- The Washington Times - Wednesday, November 19, 2008

ANCHORAGE, Alaska

Sen. Ted Stevens, the longest-serving Republican in Senate history, narrowly lost his re-election bid Tuesday, marking the downfall of a Washington political power and Alaska icon who couldn’t survive a conviction on federal corruption charges. His defeat by Anchorage Mayor Mark Begich moves Senate Democrats within two seats of a filibuster-proof 60-vote majority.

Stevens’ ouster on his 85th birthday marks an abrupt realignment in Alaska politics and will alter the power structure in the Senate, where he has served since the days of the Lyndon B. Johnson administration while holding seats on some of the most influential committees in Congress.

The octogenarian’s involvement in politics dates to the days before Alaska statehood, and he is esteemed for his ability to secure billions of dollars in federal aid for transportation and military projects. The Anchorage airport bears his name; in Alaska, it’s simply “Uncle Ted.”

Tuesday’s tally of just over 24,000 absentee and other ballots gave Mr. Begich 146,286, or 47.56 percent, to 143,912, or 46.76 percent, for Stevens. A conservative third-party candidate, Bob Bird, running under the banner of the Alaska Independence Party, may have been the spoiler in the race, garnering more than 12,000 votes.

A recount is possible.

Mr. Begich said the defining issue in the race was the desire for a new direction in Washington, not Stevens’ legal problems.

Alaska voters “wanted to see change,” he told reporters in Anchorage. “Alaska has been in the midst of a generational shift - you could see it.”

Stevens’ campaign didn’t immediately respond to phone calls seeking comment.

Stevens’ loss was another slap for Republicans in a year that has seen the party lose control of the White House, as well as seats in the House and Senate. It also moves Democrats one step closer to the 60 votes needed to overcome filibusters in the Senate. Democrats now hold 58 seats, when two independents who align with Democrats are included, with undecided races in Minnesota and Georgia, where two Republicans are trying to hang on to their seats.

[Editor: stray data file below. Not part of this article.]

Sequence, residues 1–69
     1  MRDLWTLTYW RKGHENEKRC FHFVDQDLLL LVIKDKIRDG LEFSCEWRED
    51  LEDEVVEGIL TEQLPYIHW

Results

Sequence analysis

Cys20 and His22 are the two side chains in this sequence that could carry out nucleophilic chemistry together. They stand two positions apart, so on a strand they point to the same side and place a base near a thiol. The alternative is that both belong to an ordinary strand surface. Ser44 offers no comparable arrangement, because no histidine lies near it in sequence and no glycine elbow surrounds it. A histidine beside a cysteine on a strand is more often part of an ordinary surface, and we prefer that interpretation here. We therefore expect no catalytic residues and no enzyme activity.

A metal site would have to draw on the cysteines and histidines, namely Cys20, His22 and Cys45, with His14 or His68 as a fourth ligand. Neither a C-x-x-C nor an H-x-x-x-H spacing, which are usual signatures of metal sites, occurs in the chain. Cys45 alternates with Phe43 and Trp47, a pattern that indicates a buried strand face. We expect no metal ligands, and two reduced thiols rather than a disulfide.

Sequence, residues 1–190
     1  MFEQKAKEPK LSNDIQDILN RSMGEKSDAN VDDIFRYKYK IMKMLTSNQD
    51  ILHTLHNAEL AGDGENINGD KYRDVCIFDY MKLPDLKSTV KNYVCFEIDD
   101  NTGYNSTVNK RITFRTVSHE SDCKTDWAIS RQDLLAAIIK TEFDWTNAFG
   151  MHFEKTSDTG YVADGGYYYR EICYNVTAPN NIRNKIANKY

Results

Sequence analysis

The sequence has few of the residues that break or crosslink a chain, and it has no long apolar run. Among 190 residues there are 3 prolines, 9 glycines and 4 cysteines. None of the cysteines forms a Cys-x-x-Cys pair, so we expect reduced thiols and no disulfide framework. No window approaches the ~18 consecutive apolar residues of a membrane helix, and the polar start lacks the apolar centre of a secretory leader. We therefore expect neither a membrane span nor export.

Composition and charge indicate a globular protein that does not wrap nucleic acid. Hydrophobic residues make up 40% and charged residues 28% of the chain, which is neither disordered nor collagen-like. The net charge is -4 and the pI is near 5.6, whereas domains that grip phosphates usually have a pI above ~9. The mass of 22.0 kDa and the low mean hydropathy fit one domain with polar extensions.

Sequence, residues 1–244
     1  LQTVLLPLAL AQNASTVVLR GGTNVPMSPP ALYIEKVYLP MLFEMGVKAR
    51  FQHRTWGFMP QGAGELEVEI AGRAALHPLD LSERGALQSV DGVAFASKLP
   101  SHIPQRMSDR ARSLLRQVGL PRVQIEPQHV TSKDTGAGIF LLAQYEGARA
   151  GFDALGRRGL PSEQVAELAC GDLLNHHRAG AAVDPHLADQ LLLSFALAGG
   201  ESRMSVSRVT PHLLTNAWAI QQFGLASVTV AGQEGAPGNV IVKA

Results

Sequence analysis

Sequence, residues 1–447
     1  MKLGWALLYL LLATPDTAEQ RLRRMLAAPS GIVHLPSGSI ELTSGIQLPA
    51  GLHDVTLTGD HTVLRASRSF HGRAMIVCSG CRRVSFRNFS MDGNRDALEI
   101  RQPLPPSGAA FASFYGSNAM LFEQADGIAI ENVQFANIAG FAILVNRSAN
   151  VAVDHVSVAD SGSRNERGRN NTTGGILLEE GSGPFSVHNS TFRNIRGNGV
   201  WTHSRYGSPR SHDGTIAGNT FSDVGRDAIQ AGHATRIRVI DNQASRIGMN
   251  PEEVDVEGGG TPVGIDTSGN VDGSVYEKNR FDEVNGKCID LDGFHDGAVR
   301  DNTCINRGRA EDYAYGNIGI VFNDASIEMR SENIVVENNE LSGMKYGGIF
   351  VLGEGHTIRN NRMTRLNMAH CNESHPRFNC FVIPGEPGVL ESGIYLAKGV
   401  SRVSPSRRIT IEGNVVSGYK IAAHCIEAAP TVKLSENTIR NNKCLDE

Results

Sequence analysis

Democrats have now picked up seven Senate seats in the Nov. 4 election.

“With seven seats and counting now added to the Democratic ranks in the Senate, we have an even stronger majority that will bring real change to America,” said Sen. Charles E. Schumer, New York Democrat, chairman of the Democratic Senatorial Campaign Committee.

Mr. Begich will be the first Democrat to represent Alaska in the Senate in nearly 30 years. He is the son of Nick Begich, Alaska’s third congressman, who died in a plane crash 1972 while running for re-election.

Stevens’ attorney demanded a speedy trial, hoping for exoneration in time to fight the first serious threat to his seat in decades. But the trial in Washington not only left Stevens a felon, it deprived him of time to campaign in his home state.

Stevens refused pleas from his own party leaders to step down after the verdict, including Sen. John McCain, the GOP presidential nominee who said the Alaska senator had “broken his trust with the people.”

Stevens’ fall came shortly after another Alaskan, Gov. Sarah Palin, emerged as a national figure on the Republican presidential ticket. She had called for Stevens to step aside at one point, but appeared to back away from that the day after the election when returns showed Stevens with an edge.

“The people of Alaska just spoke,” she said.

LOAD COMMENTS ()

 

Click to Read More

Click to Hide